After nearly 200 players knelt during the national anthem in Week 3, far fewer plays chose to kneel during the anthem this past Sunday. 

According to, there were only a total of 52 players who knelt to protest racial injustice during the national anthem this week after roughly 180 players knelt in Week 3. The Week 3 protests came just days after Donald Trump ripped the NFL during a rally in Alabama

Back on Sept. 22, Trump called on all NFL owners to "fire" all protesting players . The president also referred to the protesting players as "sons of b------."

The NFL's 32 teams responded by holding the largest protest to date. However, just 10 days after Trump's comments, most teams decided to pivot away from their Week 3 protest. The Saints and Ravens were among the teams that knelt before the national anthem but actually stood while the anthem was playing.

In Detroit, Lions owner Martha Ford said that she would financially support their social causes if they refused to kneel during the national anthem. With owners like Ford encouraging their players to stand, the number of players protesting during the anthem took a considerable hit in Week 4. 

The 52 players who decided to kneel came from just seven teams, with 30 of the players coming from the 49ers, nine players coming from the Seahawks, six players coming from the Bills, three players coming from the Dolphins, two players coming from the Lions and one player each coming from the Raiders and Giants

The 49ers, who made up the largest protest of Week 4, knelt before the national anthem in Arizona. 

The fact that the protests took a hit in Week 4 probably wasn't a surprise to DeMaurice Smith, the NFLPA's executive director. This past week, Smith basically accused the NFL's ownership of using the protest as a bargaining chip with the players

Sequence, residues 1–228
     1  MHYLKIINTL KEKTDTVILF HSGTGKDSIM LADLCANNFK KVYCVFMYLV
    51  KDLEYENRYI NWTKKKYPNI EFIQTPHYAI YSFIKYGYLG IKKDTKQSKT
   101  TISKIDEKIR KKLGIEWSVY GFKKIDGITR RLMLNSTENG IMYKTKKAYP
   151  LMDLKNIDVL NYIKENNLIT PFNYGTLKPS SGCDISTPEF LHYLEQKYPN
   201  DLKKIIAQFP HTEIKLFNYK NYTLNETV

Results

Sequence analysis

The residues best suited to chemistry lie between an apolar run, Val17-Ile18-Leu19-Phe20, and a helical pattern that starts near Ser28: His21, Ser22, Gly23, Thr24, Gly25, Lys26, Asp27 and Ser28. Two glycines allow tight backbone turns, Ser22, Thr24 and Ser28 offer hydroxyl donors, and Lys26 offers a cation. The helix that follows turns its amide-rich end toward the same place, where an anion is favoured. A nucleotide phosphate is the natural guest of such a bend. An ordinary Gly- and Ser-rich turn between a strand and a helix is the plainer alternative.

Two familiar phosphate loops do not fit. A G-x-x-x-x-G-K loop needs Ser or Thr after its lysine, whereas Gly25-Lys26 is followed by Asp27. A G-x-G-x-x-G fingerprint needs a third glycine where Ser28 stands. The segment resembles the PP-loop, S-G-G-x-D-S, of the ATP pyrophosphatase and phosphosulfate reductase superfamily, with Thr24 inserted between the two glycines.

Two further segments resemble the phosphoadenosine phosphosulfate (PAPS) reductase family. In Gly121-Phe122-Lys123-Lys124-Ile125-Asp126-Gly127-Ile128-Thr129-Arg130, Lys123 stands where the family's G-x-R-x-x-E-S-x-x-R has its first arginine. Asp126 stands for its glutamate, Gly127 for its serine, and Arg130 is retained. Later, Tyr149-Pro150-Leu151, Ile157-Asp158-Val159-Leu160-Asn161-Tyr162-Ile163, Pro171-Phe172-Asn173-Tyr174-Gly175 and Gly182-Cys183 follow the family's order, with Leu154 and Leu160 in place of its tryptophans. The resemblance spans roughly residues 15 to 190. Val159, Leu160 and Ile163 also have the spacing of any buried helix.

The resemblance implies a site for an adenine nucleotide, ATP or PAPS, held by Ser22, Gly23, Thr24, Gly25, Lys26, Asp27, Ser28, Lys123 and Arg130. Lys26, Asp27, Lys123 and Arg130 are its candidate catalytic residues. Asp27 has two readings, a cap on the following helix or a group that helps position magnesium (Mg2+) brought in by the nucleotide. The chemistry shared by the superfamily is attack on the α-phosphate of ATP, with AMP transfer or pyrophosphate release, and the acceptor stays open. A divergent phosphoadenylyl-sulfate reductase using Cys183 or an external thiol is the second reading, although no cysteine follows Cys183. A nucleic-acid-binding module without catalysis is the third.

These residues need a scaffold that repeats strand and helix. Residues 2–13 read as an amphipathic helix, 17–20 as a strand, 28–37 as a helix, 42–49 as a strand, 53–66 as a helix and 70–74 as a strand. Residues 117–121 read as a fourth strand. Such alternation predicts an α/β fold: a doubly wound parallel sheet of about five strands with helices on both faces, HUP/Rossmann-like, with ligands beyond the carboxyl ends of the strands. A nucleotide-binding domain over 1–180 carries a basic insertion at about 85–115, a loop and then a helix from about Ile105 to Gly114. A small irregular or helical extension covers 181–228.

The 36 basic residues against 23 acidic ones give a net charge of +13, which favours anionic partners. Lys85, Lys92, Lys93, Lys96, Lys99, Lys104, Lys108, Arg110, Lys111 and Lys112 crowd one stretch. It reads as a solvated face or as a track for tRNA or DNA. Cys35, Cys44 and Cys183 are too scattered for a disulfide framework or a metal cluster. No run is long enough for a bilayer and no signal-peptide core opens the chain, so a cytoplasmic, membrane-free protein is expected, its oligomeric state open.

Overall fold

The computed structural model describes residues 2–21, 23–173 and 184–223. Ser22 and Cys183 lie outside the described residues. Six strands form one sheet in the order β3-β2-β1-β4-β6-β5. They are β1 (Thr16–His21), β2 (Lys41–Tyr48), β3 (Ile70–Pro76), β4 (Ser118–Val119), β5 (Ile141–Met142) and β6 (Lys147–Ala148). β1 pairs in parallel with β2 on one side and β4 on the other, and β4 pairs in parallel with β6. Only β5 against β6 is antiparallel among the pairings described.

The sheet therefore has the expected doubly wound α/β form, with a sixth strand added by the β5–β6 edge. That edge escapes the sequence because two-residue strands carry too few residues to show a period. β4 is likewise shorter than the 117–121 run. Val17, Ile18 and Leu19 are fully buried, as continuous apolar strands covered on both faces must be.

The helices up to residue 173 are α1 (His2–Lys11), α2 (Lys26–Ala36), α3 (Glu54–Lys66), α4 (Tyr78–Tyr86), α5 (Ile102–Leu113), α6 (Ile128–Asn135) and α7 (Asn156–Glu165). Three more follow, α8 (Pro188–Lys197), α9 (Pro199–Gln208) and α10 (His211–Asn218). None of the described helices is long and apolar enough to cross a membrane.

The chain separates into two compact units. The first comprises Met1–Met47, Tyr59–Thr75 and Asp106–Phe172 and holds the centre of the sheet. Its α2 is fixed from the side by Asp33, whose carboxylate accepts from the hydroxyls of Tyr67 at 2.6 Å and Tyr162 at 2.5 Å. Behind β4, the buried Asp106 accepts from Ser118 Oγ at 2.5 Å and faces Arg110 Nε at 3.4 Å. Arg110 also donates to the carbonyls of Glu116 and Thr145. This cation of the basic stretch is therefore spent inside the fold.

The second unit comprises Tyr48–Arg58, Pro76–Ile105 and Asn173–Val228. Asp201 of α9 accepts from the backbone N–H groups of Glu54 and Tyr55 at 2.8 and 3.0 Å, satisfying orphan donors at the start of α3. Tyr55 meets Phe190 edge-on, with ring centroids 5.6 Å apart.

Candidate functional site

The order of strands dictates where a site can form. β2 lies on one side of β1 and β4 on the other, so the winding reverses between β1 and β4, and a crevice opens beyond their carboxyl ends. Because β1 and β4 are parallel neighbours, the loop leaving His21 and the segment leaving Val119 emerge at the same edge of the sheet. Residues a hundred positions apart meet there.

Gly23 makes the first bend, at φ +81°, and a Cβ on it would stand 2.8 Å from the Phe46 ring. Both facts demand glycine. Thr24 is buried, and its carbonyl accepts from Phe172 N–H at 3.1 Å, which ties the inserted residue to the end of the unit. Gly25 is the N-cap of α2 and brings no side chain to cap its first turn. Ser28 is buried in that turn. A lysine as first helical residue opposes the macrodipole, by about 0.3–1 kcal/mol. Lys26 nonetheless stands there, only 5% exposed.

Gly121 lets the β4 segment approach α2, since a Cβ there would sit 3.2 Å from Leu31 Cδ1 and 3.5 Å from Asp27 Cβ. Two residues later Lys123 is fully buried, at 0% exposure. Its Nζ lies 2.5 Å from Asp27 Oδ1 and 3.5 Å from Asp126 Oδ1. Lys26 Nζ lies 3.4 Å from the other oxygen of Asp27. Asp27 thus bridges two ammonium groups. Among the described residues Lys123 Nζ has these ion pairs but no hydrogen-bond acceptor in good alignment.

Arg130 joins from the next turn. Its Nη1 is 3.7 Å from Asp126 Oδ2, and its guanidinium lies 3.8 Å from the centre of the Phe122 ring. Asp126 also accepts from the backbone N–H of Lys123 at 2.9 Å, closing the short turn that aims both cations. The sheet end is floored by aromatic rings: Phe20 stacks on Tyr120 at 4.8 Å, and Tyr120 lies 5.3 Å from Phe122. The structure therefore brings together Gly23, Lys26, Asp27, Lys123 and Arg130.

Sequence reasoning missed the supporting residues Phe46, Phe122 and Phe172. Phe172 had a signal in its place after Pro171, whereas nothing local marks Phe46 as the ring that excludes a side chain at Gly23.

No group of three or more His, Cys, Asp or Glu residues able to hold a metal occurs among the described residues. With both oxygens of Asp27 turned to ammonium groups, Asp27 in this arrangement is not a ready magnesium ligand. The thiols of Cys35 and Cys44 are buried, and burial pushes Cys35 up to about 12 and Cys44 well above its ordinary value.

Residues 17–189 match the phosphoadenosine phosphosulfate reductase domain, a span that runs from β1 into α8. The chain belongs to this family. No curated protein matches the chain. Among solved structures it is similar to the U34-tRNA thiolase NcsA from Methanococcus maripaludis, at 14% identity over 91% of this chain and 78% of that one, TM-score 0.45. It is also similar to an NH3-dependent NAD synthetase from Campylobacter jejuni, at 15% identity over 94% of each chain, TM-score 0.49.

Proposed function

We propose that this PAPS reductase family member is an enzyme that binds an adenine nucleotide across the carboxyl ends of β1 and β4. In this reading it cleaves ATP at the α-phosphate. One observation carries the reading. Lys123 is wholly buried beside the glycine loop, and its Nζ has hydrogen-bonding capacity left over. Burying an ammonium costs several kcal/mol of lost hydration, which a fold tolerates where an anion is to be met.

"It was offensive to me because, historically, there was always a question of, 'What is it going to take in order for us to buy your voice of protest?' The problem with that is, No. 1, it assumes we are doing this because we want something from the owners," Smith told "And second, it's clear that once you commoditize a freedom, like the right to free speech, once you've sold it, you can never use it again."

In a meeting of NFL owners last week, Jerry Jones reportedly wanted to try and figure out how to stop the protest while also catering to the social change that the players are hoping to see. 

 "How do we address the root issue for the players on this?" Jones said, via ESPN. "In the long run, it's not good to kneel. People don't want football to be politicized, but there's a need to do something to listen to our players and help them."

The issue is a divisive one, and as the Ravens proved on Sunday, there's no easy answer. In Baltimore, the Ravens decided they were going to stand for the national anthem this week, but that they were going to kneel beforehand and say a prayer. Even that decision wasn't popular as thousands of fans in Baltimore booed their own team

One of the 52 players who did decide to protest on Sunday was Raiders running back Marshawn Lynch, and while he didn't hear any boos, that's mostly because no at Sports Authority Field could see him. 

Although Lynch doesn't talk a lot to the media, he does have a voice that he's not afraid to use, and he silently used it on Sunday when he arrived in Denver.  On his way to the stadium Lynch wore a shirt that said "Everybody vs. Trump."

You can read more about how every NFL team has handled protesting before games here.